Saturday, October 29, 2011

Baby, we've come a long way.

Take a look back with me at how Title IX helped better the world for women. As I read the before and after Title IX examples below, I was reminded how my generation was changed by this landmark civil rights law. Young women of today would be remiss if they didn't pay homage to the women that laid the groundwork for their successes. Most young women probably have no idea how things have changed since 1972. There are miles to go before we are all considered equal, regardless of gender, sexuality, and race; but baby, we've come a long way.

(I found the following article on an inactive site - WEEA Equity Resource Center,

Title IX Before & After

Title IX was passed by the U.S. Congress on June 23, 1972, and signed by President Richard M. Nixon on July 1, 1972. It is a civil rights law prohibiting discrimination in education programs and activities receiving federal funds. It was the first comprehensive federal law to prohibit sex discrimination against students and employees in these institutions.
While the link between Title IX and increased opportunities for women and girls in athletics is well known, the connection between this law and improvements in key areas such as access to higher education, career education, employment, learning environment, math and science, sexual harassment, standardized testing, and treatment of pregnant and parenting teens is not often noted.

Before Title IX:

  • Many schools and universities had separate entrances for male and female students.
  • Female students were not allowed to take certain courses, such as auto mechanics or criminal justice; male students could not take home economics.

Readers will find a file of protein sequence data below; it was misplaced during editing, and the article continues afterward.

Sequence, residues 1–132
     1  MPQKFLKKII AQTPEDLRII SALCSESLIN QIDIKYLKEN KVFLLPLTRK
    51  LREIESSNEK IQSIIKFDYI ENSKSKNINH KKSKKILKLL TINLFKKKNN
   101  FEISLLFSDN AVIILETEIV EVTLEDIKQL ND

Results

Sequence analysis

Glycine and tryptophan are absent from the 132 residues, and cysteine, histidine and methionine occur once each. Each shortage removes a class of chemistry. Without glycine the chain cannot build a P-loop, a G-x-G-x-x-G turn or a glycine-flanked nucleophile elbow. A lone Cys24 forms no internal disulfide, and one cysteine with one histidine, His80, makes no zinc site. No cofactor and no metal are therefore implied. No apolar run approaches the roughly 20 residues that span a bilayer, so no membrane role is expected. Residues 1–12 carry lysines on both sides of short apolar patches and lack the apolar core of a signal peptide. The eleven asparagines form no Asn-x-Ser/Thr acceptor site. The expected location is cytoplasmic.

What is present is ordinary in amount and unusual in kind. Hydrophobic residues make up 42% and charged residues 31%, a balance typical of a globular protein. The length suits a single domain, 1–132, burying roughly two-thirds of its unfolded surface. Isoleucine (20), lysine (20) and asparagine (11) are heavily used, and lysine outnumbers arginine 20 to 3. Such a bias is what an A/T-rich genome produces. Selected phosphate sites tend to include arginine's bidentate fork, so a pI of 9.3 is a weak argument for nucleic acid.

• Most medical and law schools limited the number of women admitted to 15 or fewer per school.
  • Many colleges and universities required women to have higher test scores and better grades than male applicants to gain admission.
  • Women living on campus were not allowed to stay out past midnight.
  • Women faculty members were excluded from faculty clubs and encouraged to join faculty wives' clubs instead.
  • After winning two gold medals in the 1964 Olympics, swimmer Donna de Varona could not obtain a college swimming scholarship. For women they did not exist.
(Source: Report Card on Gender Equity, National Coalition for Women and Girls in Education, 1997)

After Title IX:

  • In 1973, 43% of female high school graduates were enrolled in college. This grew to 63% in 1994.
  • In 1971, 18% of young women and 26% of young men had completed four years or more of college; in 1994, 27% of both men and women had earned bachelor's degrees.
  • In 1972, women received 9% of medical degrees but by 1994 that number had moved up to 38%; 1% of dental degrees grew to 38% in 1994; and the percentage of law degrees earned by women had moved from 7% in 1971 to 43% in 1994.
  • Today, more than 100,000 women participate in intercollegiate athletics, a four-fold increase from 1971. That same year 300,000 women (7.5%) were high school athletes; in 1996, that figure had increased to 2.4 million (39%).
  • Title IX prohibits schools from suspending, expelling or discriminating against pregnant high school students in educational programs and activities. From 1980 to 1990, dropout rates for pregnant students declined 30%, increasing the chances the mothers will be able to support and care for their children.
  • 80% of female managers of Fortune 500 companies have a sports background.
  • High school girls who participate in team sports are less likely to drop out of school, smoke, drink, or become pregnant.
(Source: Title IX: 25 Years of Progress, U.S. Department of Education, 1997)

How did Title IX change your life?

1 comment:

  1. If you haven't seen the movie wait till THE MIGHTY MACS comes out on DVD. A great story about women's college basketball in 72-73. It is the story of women excelling when it was not expected and in effect saving their school from oblivion.